Let Cool Heads Prevail

Ghana these days has become an interesting place. Depending on where you stand, the country is  witnessing a drama of ironies. Yet still some on one side feel that free speech is being sanitized. Whichever way you look at it Ghanaians are still talking despite the price some have had to pay for talking.

The genesis of this happenstance of ironies is the trial of the NPP flag bearer’s petition in contest at the Supreme Court challenging the 2012 election results and the media observations about it. One would think that with the court virtually in the living rooms of Ghanaians owing to live television coverage, media comment and interpretation would consider fairness and balance. Unfortunately, and of course, owing to the nature of the debate in the court, it is not. Political hues have crept into observations in the media. And some even go to the extent of predicting the verdict and its aftermath. In the process one radio commentator has been warned and banned from the court. Two others were not so lucky as the ugly head of contempt of court emerged.

Stephen Atubiga of the NDC earned a three-day jail sentence for his quixotic rejection of the verdict if it goes for the petitioners threatening mayhem if it so happens. Ken Kuranchie, managing editor of the Daily Searchlight had to endure ten days of incarceration for standing his ground and daring to defend an article he wrote questioning why Sammy Awuku was dragged to the court. He also asked for directions from the judges on how the media should approach the issue. Some say he got ten days for his intransigence. Our hearts go out to them.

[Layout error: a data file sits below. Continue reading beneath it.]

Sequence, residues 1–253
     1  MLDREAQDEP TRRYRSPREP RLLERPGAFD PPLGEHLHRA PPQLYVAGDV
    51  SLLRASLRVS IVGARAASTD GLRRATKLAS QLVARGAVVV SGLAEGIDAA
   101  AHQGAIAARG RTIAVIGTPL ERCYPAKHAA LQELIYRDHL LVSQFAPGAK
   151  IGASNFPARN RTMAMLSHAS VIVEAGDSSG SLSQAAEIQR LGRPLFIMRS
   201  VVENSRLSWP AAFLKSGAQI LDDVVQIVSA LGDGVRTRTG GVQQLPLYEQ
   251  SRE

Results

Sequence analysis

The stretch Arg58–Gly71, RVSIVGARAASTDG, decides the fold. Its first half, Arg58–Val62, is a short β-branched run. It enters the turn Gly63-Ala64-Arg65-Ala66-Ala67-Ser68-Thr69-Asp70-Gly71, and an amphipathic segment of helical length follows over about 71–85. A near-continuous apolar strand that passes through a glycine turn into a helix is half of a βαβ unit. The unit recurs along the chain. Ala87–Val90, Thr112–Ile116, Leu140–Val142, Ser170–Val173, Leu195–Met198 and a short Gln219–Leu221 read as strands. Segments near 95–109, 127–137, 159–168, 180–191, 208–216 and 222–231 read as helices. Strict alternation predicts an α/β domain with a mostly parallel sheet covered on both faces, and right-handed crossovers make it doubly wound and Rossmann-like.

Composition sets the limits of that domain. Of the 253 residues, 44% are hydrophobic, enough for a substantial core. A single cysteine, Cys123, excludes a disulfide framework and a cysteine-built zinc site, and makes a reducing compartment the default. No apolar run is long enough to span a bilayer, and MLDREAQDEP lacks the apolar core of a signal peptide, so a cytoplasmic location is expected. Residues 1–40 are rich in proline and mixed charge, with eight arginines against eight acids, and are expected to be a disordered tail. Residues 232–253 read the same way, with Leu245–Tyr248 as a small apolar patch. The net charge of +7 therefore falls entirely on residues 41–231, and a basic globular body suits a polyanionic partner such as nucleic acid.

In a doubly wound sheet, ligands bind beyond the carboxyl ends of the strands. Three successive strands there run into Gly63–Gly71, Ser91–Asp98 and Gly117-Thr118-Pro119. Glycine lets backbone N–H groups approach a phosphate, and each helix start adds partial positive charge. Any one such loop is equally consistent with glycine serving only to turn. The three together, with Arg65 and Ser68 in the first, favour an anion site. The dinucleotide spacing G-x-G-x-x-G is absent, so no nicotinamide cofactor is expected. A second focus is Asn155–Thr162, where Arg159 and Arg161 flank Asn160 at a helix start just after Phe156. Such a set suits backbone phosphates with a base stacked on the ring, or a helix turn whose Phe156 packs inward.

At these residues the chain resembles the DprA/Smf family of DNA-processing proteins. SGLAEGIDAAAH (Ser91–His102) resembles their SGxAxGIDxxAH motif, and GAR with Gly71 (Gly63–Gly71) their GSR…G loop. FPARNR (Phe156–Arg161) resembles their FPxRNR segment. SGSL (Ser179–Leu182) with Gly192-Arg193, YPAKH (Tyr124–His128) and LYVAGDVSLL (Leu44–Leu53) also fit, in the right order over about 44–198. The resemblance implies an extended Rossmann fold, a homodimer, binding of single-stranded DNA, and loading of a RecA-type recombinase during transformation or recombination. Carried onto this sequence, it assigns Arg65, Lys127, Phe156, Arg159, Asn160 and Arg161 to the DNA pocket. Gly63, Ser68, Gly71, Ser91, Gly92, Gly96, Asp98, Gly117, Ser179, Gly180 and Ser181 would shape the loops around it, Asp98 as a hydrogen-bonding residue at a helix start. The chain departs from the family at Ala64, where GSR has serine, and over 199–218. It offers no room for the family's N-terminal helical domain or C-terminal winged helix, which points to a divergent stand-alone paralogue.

Questions arising have been met severally. Adherents to the principle of free speech opine that the justices are overreacting. Even hate speech is a protectable right, they contend. Since the courts happen to be the protectors of free we tend to agree. A legal scholar has even questioned the propriety of the justices in enforcing contempt charges and would rather Ghana descend into a military dictatorship.

Others, including lawyers, think that some of the pronouncements and publications constitute contempt and must be curbed to ensure the reputation of the judiciary. At least, Sam Okudzeto, a legal luminary in his own right shares that thought.

Amandla, like many Ghanaians, believes in free speech.  But we believe in the responsible exercise of rights too. Edward Akufo Addo, one time chief justice of Ghana and president had this to say on contempt of court:  “I have stated that the courts are not above criticism but the courts will not allow themselves to be subjected to pressures emanating from irresponsible and romantic criticisms.”

To both the court and the media therefore, we counsel restraint, for they share the same territory as bastions of freedom and democracy. The management of the petition in the court and the verdict thereof should only be regarded as a further notch in the development of democracy in the West African nation.

The verdict can go anywhere but the victory would be for Ghana.


Posted by on Jul 18 2013. Filed under Editorial. You can follow any responses to this entry through the RSS 2.0. You can leave a response or trackback to this entry

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